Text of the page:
The cost of renting a flat in the UK has reached record heights with the average monthly asking price at £833 per month, the highest on record and 2.5% above prices this time last year.
The cost of a studio flat has risen to £713, 5.9% greater than this time last year and 8.5% more than the current cost of renting a one bedroom flat, the latest rental index from FindaProperty shows.
Despite being cheaper to rent than a studio, monthly asking prices for one bedroom flats are also at their highest, averaging £657, which is up 3% on this time last year. This is not the case however for two bedroom flats, which saw asking prices fall 0.1% last month.
This trend is also mirrored in UK property sales market, where asking prices experienced the largest month on month increase ever recorded by the index. Average asking prices for UK properties increased by £1,072, 0.5%, between January and February, to stand at £219,186. At present, asking prices for flats in the UK are at their highest since January 2009, averaging £176,645.
Asking prices for first time buyer properties also increased by 0.5% in February to £154,199. Affordability for first time buyers improved again this month and is now at its best level since this index was started in December 2007, driven by increases in the mortgage multiples offered by banks to first time buyers. The average deposit required fell by £1,489 to £47,467, some 1.47 times the average annual wage.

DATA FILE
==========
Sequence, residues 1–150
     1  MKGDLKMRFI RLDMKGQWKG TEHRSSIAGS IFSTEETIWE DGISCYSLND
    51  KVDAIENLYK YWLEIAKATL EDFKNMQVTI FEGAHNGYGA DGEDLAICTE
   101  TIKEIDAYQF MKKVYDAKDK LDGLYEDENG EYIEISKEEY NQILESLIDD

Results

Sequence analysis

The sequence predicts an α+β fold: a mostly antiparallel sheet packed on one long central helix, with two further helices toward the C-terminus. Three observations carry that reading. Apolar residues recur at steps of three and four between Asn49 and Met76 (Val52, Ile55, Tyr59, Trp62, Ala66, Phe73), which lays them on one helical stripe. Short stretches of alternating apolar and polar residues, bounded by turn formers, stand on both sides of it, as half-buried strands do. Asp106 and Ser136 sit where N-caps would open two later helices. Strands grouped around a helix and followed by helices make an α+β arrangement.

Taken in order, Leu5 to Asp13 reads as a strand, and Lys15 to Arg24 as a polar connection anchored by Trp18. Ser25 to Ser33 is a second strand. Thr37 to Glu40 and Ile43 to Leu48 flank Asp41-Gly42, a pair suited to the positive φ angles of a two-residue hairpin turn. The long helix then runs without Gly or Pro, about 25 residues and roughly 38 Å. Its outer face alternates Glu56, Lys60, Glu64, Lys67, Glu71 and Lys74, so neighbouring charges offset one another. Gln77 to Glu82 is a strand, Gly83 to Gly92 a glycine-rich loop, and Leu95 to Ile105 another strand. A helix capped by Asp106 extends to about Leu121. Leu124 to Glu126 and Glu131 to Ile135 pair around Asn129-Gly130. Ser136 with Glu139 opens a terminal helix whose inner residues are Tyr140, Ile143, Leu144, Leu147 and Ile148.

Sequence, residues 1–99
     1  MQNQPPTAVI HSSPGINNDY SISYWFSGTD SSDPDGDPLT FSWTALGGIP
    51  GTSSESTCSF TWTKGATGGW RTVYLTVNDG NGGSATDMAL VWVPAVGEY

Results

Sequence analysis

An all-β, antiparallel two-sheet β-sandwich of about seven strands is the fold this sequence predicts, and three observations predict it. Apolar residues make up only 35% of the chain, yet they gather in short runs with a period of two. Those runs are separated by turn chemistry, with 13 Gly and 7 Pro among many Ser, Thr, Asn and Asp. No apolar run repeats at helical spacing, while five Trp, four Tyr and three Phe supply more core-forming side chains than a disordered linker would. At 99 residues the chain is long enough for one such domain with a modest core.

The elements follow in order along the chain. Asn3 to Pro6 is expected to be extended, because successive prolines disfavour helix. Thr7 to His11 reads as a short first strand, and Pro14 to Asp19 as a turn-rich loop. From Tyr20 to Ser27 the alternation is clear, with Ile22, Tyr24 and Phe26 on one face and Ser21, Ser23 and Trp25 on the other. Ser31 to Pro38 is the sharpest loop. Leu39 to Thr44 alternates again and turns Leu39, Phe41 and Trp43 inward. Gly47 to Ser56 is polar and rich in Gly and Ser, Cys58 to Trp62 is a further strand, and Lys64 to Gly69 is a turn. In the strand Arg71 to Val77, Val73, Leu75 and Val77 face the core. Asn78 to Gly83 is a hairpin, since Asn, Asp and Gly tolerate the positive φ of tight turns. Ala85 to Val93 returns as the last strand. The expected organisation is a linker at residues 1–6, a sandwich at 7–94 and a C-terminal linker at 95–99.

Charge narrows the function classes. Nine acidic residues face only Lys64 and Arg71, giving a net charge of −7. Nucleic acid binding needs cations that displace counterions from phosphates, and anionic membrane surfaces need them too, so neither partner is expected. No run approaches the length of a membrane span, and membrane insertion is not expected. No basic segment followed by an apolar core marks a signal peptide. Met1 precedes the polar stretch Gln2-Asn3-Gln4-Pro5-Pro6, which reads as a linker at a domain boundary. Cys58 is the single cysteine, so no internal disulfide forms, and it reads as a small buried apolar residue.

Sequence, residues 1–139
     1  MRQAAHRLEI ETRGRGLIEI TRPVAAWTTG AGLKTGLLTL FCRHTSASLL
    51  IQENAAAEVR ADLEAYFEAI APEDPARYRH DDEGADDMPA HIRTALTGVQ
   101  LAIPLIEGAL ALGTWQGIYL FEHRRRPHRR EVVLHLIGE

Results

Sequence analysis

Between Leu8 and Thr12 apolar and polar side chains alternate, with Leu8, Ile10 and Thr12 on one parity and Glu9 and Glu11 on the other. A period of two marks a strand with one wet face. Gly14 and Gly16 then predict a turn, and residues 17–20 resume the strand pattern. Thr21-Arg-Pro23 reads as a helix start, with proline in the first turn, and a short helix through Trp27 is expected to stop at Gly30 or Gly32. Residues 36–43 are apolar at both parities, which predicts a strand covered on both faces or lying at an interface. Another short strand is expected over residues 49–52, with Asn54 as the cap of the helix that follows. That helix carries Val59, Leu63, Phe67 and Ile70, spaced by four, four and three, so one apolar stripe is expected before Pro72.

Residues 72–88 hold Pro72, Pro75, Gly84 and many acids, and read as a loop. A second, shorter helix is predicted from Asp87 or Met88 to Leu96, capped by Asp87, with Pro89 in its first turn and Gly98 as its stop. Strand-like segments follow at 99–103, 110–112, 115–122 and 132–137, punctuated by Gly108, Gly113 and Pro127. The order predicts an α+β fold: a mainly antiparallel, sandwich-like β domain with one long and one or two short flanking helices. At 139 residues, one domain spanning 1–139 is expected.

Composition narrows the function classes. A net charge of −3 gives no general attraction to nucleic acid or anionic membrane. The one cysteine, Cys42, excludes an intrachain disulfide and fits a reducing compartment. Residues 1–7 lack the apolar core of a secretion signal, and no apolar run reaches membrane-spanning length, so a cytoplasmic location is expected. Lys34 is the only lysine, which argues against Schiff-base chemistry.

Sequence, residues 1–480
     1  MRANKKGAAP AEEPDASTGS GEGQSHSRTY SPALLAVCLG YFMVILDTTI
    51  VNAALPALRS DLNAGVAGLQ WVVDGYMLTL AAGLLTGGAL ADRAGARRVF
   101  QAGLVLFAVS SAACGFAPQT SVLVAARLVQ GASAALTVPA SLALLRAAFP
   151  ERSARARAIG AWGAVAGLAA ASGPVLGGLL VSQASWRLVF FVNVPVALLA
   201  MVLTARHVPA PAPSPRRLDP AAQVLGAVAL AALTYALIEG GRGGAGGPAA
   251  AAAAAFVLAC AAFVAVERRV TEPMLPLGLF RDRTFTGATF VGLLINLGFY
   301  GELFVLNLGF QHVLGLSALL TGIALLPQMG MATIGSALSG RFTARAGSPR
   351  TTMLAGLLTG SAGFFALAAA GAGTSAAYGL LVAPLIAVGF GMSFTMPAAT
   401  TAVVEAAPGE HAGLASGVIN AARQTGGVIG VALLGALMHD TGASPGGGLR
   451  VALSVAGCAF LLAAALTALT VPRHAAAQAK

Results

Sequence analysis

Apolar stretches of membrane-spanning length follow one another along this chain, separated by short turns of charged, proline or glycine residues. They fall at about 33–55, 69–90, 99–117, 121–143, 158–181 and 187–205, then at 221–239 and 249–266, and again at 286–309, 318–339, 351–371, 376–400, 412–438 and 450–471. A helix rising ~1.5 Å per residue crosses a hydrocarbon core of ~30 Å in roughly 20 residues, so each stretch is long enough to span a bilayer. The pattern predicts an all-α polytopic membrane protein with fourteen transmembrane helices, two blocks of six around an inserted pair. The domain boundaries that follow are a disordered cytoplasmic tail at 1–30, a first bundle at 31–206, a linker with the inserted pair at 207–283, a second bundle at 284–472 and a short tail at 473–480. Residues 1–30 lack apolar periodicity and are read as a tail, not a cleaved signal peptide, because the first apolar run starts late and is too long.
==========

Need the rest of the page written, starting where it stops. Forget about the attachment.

The index also shows that the number of properties coming onto the market increased by 1.2% in February after a slow start to 2012.
London saw the biggest month on month increase in sales asking price of 2.2%, the highest month on month increase in June 2009. But the North East of England saw the biggest month on month fall of 2% falling from £148,121 in January to £145,135 in February.
‘Rental tenants looking for smaller, less expensive accommodation are coming under increasing financial pressure as demand drags the price of these sought after properties upwards. The rental sector as a whole is growing and very healthy, but competition for flats is stronger than ever,’ said Samantha Baden, property analyst at FindaProperty.
‘The fact the market for property sales demonstrates similar movements show that people are looking to flats as a more affordable alternative to larger houses, particularly if they are reluctant to compromise on location. The property market is challenging at the moment, and as a result buyers’ expectations of what they can realistically afford are changing,’ she added.